MAJ FatHead suggested that I post more blogs, so I will write about what happened three years ago today:
I was at a dark, dusy FOB in Iraq. My wife was in the third trimester of her pregnancy back home. I checked my email to find out that she was having complications with her pregnancy. She also stated that she asked the Red Cross to send a message to both myself and my leadership (a Red Cross Message is the only way a service member can leave a war zone for an emergency at home).
I went to my commander's office while the Red Cross Message was coming in. I was told to pack a small bag and go to the flight line. I was on the next helicopter out of my small FOB and on my way to a larger FOB. As I flew through the Iraqi sky, I began to recognize areas that I patrolled on my last deployment. Soon, I arrived at a larger FOB when I sat and waited for a few hours to get on a C-130 to fly to Kuwait.
Very late that night, I was in Kuwait. I checked in and was assigned a bunk in a tent. There were about 100 tents, each had 10 bunks. I walked until I found the outprocessing office. They told me to come back in the morning with a few forms filled out. I did so and was informed that I'd be taken to the civilian airport in Kuwait City and fly out on a civilian ticket. My report time was not until late that night.
I wondered around for a while. I found a McDonalds and ordered a few cheese burgers. They were horrible. I tired to sleep but couldn't. I went to the PX and bought a pack of smokes. I spent most of the day and night walking around and smoking. I ate dinner in the dinning hall. I don't remember what it was, but it was better than McDonalds.
I was given some civilain clothing to wear before I left for the airport. I rode the bus through open desert, past oil refineries, and into Kuwait City. Finally at the airport, I finde my way through security then to my gate. I fly from Kuwait, to Germany, to Seattle, then finally to Alaska. While on the second flight I woke up from a nap. I just knew that my wife had given birth. I don't know how or why, but I just knew that my son was in the world.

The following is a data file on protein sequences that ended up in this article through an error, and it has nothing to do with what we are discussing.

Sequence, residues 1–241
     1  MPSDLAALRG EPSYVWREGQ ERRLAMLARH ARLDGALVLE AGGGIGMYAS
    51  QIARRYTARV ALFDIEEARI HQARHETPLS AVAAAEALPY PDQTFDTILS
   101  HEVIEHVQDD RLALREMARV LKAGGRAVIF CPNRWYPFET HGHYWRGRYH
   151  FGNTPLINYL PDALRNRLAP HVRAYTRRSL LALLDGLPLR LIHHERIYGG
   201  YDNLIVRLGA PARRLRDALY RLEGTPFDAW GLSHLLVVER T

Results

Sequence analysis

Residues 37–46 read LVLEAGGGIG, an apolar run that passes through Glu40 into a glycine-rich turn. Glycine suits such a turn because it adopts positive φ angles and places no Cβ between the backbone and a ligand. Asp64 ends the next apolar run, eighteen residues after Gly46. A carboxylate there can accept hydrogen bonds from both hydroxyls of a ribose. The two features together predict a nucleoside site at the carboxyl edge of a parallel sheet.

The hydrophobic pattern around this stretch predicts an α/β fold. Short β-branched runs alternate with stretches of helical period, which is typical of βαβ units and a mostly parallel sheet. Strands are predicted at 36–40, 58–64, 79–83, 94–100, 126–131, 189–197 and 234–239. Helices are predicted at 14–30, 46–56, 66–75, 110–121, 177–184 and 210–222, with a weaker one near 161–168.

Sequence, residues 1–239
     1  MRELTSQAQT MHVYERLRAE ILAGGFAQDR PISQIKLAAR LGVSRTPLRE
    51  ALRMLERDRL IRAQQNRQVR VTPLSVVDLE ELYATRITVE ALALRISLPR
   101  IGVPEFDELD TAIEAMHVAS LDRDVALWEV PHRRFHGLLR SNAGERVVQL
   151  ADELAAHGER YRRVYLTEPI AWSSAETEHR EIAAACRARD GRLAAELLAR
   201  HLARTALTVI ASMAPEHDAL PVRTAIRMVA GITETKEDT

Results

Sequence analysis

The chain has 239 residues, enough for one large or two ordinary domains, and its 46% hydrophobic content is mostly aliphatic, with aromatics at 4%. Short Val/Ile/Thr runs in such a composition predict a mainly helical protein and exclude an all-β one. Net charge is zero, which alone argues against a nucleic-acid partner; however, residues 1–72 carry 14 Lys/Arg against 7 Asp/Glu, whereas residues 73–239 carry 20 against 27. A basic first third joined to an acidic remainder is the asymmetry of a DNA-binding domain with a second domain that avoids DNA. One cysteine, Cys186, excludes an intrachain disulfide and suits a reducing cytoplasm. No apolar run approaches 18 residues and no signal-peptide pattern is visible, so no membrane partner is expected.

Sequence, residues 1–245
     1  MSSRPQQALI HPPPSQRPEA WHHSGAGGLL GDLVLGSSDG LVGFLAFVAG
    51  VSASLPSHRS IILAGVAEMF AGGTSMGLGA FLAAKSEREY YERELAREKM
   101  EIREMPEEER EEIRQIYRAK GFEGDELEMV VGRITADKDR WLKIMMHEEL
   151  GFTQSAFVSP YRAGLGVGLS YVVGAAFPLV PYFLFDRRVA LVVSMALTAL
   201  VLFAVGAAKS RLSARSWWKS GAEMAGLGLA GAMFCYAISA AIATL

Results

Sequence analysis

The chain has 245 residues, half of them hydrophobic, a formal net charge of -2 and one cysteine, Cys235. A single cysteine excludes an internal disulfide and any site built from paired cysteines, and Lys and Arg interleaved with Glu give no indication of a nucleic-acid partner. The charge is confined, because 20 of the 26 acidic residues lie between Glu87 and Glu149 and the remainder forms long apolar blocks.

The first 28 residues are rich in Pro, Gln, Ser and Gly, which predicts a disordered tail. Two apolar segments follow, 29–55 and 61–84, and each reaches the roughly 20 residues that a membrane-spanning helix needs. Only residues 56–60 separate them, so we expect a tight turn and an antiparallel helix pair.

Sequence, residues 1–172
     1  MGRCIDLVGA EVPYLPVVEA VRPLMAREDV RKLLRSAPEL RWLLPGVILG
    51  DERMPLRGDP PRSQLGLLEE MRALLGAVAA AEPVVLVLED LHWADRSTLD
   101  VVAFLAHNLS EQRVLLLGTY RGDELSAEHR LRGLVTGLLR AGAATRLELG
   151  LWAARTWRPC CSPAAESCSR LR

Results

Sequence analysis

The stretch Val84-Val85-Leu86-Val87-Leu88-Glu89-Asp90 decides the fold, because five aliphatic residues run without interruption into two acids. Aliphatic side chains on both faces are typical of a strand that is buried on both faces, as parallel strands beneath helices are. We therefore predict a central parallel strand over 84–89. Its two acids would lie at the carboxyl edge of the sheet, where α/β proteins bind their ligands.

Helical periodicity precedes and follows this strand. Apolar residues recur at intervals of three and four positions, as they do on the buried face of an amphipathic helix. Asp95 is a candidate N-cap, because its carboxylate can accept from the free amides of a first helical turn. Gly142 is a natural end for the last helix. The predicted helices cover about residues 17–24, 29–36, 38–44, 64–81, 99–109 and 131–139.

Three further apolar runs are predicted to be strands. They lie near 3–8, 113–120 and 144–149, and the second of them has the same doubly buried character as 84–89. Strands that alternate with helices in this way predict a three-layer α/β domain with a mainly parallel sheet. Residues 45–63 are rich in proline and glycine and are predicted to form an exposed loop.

I landed in Seattle. I changed back into my uniform to try and use it to my advantage to get through secuirty a bit faster. I turned my cell phone on. I got a notice of a text message from my sister-in-law. I opened the message and saw a picture of my son. I was so very happy. I made my way from the international area to the domestic area of the airport. I had to check in to my flight. I was at the end of a very long line. A ticket agent came up and pulled me to the side. He told me to go and stand at a desk where no one was. He checked me in to my final flight. I got the secuirty line and was told to go through the first class line. Once through security, I found my gate.
It was still several hours until my flight. I called my sister-in-law. She was with my wife. I talked to both of them. My sister-in-law said that she'd meet me at the airport. I then found my way to a sports bar. I really wanted a drink after not having any for several months while deployed. I sat and ordered a double Jack and Ginger Ale (it's very good with some lime juice) and ordered a sandwich and fries. A group of guys came and sat a the next table. They started to talk to me. Asking if I'm on my way home from Iraq. I said yes, and told them about my son. I showed them the pictre. During the course of our conversation, I ordered three more double Jack and Gingers. They left before I did. I was finishing up my fries when I asked for the check. The waitress told methat the other guys paid my tab. I left her a tip anyway for her customer service.
I got over to the gate a little bit before they began to load. I was alowed to go on at the same time as the First Class passengers, eventhough I was sitting in coach. Once airborne, I ordered a drink. The flight attendant gave me a drink on the house. She also told me that I can have two more for free during the flight. I ordered both drinks back to back and took a nap. I landed in central Alaska a few hours later. The nap and sudden exposure to negative tempatures sobered me up quick (it was almost a 150 degree tempature diffrence between Kuwait and Alaska).
I got to the hospital and saw my son for the first time. I was filled up with love so fast. I finally understood unconditional love.